Monday, 24 August 2015

Two Days, One Night ... Saving her job

THE premise of 2014 French film Deux Jours, Une Nuit (Two Days, One Night) is unusual.
A blue-collar woman attempts over two days to convince 16 factory colleagues to give up their 1,000 euro bonus so that she can continue working.
   The other unusual thing about this film, directed by Belgian brothers Jean-Pierre Dardenne and Luc Dardenne, is the portrayal of the working stiff by glamorous Oscar-winning French actress Marion Cotillard. Can she pull it off?


   Wearing jeans and a pink singlet, with her haired tied up and using little make-up, Cotillard steps effortlessly into the character of Sandra, who has a weekend to visit as many colleagues as possible to convince them of her dire situation. They'll vote on her fate on Monday morning.
   She must swallow her pride and persuade her colleagues. She says: "I feel like a beggar, thief, asking people to give up their bonus." After a few visits and phone calls, she says: "It's humiliating."
   You can feel her heart pounding when she makes her first call. She speaks haltingly, pauses, wipes away her tears, takes a deep breath, and plunges into the task. This scene got me rooting for her, and it's no surprise that she earned an Oscar nomination for best actress for this role.
  She pounds the streets under the burning sun without breaking into a sweat. She takes buses, knocks on doors, makes phone calls and tells people that she wants to work and doesn't want to be on the dole.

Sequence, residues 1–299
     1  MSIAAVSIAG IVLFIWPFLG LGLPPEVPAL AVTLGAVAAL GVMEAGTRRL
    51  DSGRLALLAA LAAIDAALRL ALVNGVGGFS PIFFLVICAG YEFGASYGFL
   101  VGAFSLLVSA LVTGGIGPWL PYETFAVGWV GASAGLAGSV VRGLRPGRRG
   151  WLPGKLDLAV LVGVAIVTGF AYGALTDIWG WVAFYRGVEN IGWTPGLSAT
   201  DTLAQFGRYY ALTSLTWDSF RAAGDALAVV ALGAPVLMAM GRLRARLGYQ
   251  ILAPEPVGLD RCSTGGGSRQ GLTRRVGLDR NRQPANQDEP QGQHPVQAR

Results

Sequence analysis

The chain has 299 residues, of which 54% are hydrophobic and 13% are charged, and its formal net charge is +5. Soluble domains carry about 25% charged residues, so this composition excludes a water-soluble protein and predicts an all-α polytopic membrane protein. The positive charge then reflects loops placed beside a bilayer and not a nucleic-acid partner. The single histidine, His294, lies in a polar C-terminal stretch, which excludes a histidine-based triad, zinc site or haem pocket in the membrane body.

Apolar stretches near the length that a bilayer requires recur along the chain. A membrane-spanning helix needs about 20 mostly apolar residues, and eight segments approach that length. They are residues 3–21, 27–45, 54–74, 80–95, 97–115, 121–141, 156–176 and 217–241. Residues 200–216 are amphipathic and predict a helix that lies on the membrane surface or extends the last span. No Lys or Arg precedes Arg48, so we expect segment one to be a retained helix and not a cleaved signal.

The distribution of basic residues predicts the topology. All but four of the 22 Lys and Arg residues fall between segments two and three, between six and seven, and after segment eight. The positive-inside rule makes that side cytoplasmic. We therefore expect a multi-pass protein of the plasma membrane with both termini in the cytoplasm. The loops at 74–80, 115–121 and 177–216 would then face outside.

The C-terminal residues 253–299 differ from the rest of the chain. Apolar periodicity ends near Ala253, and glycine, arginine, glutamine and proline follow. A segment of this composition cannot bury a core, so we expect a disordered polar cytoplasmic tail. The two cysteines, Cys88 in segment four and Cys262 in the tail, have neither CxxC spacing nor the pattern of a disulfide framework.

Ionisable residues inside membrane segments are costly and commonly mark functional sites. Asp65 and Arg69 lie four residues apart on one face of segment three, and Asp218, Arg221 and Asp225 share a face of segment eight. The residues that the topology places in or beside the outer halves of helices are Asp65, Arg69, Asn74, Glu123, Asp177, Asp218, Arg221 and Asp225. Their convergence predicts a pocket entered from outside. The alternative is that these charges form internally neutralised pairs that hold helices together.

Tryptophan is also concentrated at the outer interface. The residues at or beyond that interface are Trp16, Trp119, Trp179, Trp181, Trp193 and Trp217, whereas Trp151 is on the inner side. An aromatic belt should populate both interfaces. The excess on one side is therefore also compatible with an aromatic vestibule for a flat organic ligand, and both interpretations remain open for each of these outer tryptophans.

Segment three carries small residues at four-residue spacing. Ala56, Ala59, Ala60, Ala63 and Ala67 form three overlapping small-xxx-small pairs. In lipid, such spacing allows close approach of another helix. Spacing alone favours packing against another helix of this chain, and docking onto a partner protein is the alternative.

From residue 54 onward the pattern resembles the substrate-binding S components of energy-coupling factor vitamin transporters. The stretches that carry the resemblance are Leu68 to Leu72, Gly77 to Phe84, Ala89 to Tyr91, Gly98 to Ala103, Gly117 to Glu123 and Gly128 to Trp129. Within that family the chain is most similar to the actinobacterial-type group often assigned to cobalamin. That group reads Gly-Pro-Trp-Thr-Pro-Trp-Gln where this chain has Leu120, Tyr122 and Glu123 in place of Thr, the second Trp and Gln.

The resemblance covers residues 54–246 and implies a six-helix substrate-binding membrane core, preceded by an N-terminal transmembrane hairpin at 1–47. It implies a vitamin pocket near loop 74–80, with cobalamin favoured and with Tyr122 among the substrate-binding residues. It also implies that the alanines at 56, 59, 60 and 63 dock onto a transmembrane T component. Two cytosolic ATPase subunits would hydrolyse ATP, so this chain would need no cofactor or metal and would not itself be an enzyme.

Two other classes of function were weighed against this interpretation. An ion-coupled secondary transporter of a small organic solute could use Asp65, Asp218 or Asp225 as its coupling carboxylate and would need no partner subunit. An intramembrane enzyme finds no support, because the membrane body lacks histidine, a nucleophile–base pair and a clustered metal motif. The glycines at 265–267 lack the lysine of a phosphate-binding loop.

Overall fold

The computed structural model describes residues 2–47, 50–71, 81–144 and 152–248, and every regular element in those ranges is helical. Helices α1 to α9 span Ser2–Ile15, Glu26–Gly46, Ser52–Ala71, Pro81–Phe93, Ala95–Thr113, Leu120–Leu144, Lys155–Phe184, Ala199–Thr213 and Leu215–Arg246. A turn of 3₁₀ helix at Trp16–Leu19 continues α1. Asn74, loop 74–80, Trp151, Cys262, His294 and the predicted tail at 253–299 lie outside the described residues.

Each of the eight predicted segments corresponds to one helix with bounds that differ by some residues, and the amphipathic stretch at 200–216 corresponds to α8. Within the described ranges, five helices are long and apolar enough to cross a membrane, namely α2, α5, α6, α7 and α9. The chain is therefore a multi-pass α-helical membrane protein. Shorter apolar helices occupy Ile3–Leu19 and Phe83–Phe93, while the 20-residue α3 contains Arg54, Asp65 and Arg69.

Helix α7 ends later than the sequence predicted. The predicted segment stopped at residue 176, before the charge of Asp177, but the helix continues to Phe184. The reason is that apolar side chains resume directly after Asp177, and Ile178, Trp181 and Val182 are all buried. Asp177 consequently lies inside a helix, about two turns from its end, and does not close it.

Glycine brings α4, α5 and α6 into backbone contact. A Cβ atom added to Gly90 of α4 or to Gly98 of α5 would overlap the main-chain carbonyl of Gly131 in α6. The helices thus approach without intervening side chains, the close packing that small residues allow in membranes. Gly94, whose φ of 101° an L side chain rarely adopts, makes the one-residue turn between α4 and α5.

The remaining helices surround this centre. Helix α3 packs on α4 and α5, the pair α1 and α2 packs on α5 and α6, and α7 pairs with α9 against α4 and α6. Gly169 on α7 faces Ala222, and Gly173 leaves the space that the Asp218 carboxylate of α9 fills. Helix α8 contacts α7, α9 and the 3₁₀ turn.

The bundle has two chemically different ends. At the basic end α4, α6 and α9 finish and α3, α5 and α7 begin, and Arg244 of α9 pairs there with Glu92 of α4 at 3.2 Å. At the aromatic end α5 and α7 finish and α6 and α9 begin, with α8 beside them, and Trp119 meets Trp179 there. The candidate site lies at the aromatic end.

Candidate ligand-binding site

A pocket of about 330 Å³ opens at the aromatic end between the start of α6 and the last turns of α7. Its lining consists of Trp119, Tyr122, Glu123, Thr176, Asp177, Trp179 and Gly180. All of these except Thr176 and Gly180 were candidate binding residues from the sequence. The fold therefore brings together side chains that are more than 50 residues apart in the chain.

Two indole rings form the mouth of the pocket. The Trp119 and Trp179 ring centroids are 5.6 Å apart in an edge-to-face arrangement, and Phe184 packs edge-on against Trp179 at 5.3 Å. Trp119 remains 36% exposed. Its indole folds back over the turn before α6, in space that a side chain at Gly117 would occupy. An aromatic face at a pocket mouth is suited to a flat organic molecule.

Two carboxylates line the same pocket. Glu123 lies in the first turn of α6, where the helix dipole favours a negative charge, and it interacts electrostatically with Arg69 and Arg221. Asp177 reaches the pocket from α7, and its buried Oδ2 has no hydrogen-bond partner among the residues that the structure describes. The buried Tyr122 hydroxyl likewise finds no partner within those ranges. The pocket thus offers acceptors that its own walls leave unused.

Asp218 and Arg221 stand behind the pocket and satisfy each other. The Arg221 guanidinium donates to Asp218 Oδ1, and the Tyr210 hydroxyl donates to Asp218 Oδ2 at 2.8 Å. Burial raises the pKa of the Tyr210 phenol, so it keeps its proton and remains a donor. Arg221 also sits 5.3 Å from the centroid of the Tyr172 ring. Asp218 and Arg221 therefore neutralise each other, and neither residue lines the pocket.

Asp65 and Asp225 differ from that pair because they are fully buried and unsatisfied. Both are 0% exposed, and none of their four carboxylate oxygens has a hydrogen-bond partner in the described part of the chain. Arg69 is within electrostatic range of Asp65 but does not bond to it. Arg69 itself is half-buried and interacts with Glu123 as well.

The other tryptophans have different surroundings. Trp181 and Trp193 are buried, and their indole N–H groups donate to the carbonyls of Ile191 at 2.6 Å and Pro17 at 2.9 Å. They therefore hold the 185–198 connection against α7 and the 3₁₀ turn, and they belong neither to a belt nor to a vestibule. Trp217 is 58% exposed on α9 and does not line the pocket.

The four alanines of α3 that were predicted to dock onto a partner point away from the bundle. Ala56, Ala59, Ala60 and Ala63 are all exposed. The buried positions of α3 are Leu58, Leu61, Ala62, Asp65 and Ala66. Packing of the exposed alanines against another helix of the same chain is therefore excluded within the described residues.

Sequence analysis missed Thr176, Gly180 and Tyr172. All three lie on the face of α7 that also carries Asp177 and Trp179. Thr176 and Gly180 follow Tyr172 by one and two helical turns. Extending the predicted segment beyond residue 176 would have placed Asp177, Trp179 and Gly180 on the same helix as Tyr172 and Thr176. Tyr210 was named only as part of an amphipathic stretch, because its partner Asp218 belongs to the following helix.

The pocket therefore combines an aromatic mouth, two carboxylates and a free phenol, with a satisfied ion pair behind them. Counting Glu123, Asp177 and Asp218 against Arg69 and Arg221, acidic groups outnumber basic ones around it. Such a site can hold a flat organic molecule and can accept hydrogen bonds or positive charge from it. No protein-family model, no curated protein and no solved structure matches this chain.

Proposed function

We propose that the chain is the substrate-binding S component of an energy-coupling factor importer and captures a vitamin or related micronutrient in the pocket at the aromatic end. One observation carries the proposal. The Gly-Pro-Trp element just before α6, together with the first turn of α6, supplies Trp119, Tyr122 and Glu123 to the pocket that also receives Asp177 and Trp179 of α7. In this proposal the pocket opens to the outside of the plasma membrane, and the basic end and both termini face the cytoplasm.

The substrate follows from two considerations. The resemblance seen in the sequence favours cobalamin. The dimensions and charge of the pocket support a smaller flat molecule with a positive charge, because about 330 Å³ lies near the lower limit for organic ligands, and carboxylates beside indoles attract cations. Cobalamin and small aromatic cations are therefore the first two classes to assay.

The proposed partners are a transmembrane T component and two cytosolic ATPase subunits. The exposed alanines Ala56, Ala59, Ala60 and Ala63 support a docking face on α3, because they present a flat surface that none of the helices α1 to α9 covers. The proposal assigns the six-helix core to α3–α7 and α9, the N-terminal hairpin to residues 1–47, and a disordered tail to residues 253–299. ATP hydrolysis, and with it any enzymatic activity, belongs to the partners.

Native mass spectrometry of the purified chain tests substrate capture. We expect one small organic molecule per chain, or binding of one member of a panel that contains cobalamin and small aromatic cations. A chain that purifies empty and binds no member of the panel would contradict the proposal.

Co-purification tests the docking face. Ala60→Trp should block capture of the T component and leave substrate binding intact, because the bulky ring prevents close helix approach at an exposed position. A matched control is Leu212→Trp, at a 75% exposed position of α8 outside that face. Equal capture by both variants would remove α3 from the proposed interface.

Her sympathetic cook husband Manu (Fabrizio Rongione) instils in her the necessity of keeping her job. Without her pay, the family, including their two kids, would have to move into social housing.
   As the film progresses, viewers learn that she has just recovered from depression and that she and her husband haven't had sex for four months. This is funny because thinking about sex would be the last thing on my mind now.
Licking her wounds.
  Sandra's colleagues are a microcosm of modern France, with its populace of whites, blacks and Arabs.
   Their desperation at keeping their bonuses reflect a France hit by years of high unemployment. BBC reported in January 2014 that French unemployment was at a record high, with 3.3 million people out of work, or 11.1 per cent.
   Long uninterrupted shots dominate the film, while the editing and music are minimal and unobtrusive. They add a touch of grittiness appropriate to the film's theme of hard times.
  Eventually, viewers will follow Sandra on her journey to self-realisation, and regardless of whether she keeps her job, she will have learnt that she can break out of the chains of embarrassment and poverty holding her back.

4 out of 5 stars

 
 
 

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